Labels: , , ,

Tuesday, August 28, 2012

Solutions for hearing loss around the home

Most of us take for granted that we can talk to someone over the phone and open the door when we hear the door bell chime. But for people with hearing loss, these tasks are not so simple. Fortunately, technology has now made it possible for hard-of-hearing people to “hear” the door bell and other alerts in the home, as well as carry on a conversation over the phone. For instance, telephone amplifiers can be coupled with a person’s hearing aid to improve the person’s ability to hear a caller.

For people who still cannot hear well enough for a conversation, they can use Voice Carry Over, which is used with a telephone relay service. In these cases, the operator translates what the other person is saying by converting their words to text on a screen. When it comes to “hearing” the door bell, people can install systems that pick up the signal and cause lights to flash, fans to spin, or a small device to vibrate. The same goes for sleeping alarms, fire alarms, and more. Talk to your True Care Advantage hearing plan specialist about the best options for your home to find out more information.

Labels: , ,

Monday, August 27, 2012

Connection between gum disease and heart disease

It’s long been suspected that poor gum health can contribute to heart disease, and a new study in the Journal of Periodontology has found more evidence to support this theory. The study focused on the inflammatory nature of both conditions, explaining that chronic inflammation can lead to dysfunction of the affected tissues and severe complications. It was suggested that as one of the conditions worsens, the other is exacerbated as well. Researchers recommend that periodontists and cardiologists collaborate to increase awareness of the connection among their patients.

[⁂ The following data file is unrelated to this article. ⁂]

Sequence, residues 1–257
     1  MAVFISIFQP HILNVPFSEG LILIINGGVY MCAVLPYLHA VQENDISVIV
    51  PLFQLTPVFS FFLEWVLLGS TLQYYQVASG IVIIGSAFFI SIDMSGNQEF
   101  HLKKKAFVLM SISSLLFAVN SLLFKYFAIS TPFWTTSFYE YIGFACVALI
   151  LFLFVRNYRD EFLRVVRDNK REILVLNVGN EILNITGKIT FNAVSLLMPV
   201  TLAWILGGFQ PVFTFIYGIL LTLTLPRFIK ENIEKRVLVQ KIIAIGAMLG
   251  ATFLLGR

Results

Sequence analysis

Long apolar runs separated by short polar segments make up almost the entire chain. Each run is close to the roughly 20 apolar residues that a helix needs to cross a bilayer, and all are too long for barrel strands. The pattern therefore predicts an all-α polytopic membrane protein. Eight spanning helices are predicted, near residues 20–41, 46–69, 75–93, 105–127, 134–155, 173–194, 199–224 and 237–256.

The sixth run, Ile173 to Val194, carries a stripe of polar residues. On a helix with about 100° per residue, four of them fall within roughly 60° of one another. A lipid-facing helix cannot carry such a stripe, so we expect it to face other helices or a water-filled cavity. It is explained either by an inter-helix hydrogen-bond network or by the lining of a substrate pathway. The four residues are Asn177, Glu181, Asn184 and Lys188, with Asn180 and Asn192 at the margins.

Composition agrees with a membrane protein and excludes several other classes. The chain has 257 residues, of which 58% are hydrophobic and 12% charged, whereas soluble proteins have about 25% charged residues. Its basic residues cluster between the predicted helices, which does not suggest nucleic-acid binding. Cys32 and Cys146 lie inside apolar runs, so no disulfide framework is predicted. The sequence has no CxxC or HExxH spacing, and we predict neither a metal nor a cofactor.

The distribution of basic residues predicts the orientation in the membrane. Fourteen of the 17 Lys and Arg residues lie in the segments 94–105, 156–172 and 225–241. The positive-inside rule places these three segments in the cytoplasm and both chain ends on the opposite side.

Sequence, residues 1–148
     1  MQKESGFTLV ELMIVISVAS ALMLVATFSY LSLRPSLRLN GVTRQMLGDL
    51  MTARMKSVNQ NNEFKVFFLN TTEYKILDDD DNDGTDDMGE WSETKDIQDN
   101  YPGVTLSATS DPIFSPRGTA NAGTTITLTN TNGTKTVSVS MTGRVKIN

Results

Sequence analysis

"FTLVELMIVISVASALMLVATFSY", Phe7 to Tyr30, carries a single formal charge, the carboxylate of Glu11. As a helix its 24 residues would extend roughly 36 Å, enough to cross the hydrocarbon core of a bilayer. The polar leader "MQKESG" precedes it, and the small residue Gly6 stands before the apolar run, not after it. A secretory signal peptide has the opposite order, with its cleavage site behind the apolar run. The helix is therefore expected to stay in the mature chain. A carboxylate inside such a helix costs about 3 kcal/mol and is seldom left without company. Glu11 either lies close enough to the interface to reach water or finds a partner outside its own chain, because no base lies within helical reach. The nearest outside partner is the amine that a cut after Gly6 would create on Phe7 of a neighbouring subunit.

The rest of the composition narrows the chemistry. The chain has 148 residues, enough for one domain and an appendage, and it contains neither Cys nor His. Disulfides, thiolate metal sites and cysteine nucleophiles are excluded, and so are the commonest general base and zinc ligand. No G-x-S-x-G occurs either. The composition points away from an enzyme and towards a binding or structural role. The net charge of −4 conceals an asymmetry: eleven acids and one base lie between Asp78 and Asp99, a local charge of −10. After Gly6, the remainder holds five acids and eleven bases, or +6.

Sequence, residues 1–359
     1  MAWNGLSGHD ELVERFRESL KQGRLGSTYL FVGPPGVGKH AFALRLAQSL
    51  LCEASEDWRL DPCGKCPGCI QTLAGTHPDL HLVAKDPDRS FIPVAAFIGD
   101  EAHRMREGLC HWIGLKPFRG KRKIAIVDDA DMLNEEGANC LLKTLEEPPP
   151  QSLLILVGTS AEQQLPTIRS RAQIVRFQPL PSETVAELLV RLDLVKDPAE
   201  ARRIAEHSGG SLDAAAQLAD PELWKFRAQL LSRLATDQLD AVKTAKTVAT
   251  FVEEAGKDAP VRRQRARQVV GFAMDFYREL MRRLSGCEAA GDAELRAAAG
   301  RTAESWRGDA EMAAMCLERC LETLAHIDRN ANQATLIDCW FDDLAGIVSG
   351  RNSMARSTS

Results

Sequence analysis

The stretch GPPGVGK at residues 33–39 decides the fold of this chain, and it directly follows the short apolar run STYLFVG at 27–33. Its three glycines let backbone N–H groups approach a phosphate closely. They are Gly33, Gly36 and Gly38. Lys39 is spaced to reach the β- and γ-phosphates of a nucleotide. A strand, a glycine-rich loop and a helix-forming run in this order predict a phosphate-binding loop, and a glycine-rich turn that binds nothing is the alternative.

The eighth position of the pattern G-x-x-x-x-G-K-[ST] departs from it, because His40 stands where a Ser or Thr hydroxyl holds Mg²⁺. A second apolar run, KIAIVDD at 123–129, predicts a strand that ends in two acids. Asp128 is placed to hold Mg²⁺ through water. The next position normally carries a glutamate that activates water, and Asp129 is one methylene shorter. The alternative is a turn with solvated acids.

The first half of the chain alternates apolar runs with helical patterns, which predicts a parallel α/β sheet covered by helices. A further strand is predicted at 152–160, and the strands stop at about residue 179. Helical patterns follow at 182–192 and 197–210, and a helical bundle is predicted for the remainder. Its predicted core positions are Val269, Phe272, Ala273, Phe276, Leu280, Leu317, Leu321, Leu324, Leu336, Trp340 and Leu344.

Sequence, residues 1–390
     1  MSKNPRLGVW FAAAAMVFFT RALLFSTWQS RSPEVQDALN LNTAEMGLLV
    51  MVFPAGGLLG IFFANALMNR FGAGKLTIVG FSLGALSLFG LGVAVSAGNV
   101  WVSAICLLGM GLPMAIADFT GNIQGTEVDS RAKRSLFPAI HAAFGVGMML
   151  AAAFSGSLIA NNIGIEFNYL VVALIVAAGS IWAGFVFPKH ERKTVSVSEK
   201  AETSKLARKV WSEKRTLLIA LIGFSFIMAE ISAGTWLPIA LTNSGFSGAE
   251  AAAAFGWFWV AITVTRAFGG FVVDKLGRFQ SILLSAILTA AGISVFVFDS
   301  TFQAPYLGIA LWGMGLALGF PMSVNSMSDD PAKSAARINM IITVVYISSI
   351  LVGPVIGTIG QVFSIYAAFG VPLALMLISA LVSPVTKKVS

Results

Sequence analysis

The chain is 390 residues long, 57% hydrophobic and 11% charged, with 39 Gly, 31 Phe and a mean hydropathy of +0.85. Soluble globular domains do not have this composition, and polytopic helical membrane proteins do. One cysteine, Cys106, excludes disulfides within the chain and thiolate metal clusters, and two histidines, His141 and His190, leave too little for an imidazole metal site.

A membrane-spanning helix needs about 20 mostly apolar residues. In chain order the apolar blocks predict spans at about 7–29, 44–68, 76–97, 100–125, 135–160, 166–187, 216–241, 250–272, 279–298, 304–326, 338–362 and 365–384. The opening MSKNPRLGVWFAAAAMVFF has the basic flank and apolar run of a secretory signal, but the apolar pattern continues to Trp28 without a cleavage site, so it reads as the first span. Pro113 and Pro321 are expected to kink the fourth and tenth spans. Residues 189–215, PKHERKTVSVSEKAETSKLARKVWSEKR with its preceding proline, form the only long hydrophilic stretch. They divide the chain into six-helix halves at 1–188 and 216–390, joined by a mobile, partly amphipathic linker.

To do this, periodontists may speak out more frequently about the effects of gum disease on heart health, while cardiologists may inspect a patient’s mouth for basic signs of gum disease as part of their examination. To find out more about your own gum health, talk to a dentist on your True Care Advantage dental plan and ask about the connection between your gums and heart. Improving one could mean improving your total overall health.

Labels: , , , , ,

Friday, August 24, 2012

Information for Vision after 40

Even if you never wore glasses as a child or young adult, it’s important to be aware of changes in your vision once you reach age 40. According to the American Optometric Association, there are five common vision changes you may experience in middle age, including:
  • Changes in color perception: The lens within your eye, which is normally clear, may start to discolor and make it difficult for you to differentiate between shades of colors.
  • Problems with glare: Driving may become more difficult as glare from headlights or the sun becomes more noticeable. This increase in glare is a result of light being scattered on the retina instead of being properly focused.
  • Reduced tears: Tear glands tend to produce fewer tears as you age. Post-menopausal women may notice that their eyes are especially dry and should talk to their True Care Advantage optometrist about solutions like medicated eye drops.
  • Needing more light: You may have noticed it is not as easy to read in dim lighting as it once was. Solve this issue by using bright lamps while reading or working.
  • Difficulty reading or working up close: The lens in the eye starts to become more flexible as you age, making it harder for your eyes to focus on nearby objects.
This can cause books or documents to appear blurry at close distances, so ask your True Care eye doctor about getting reading glasses as well as an overall vision exam.

Labels: , , , ,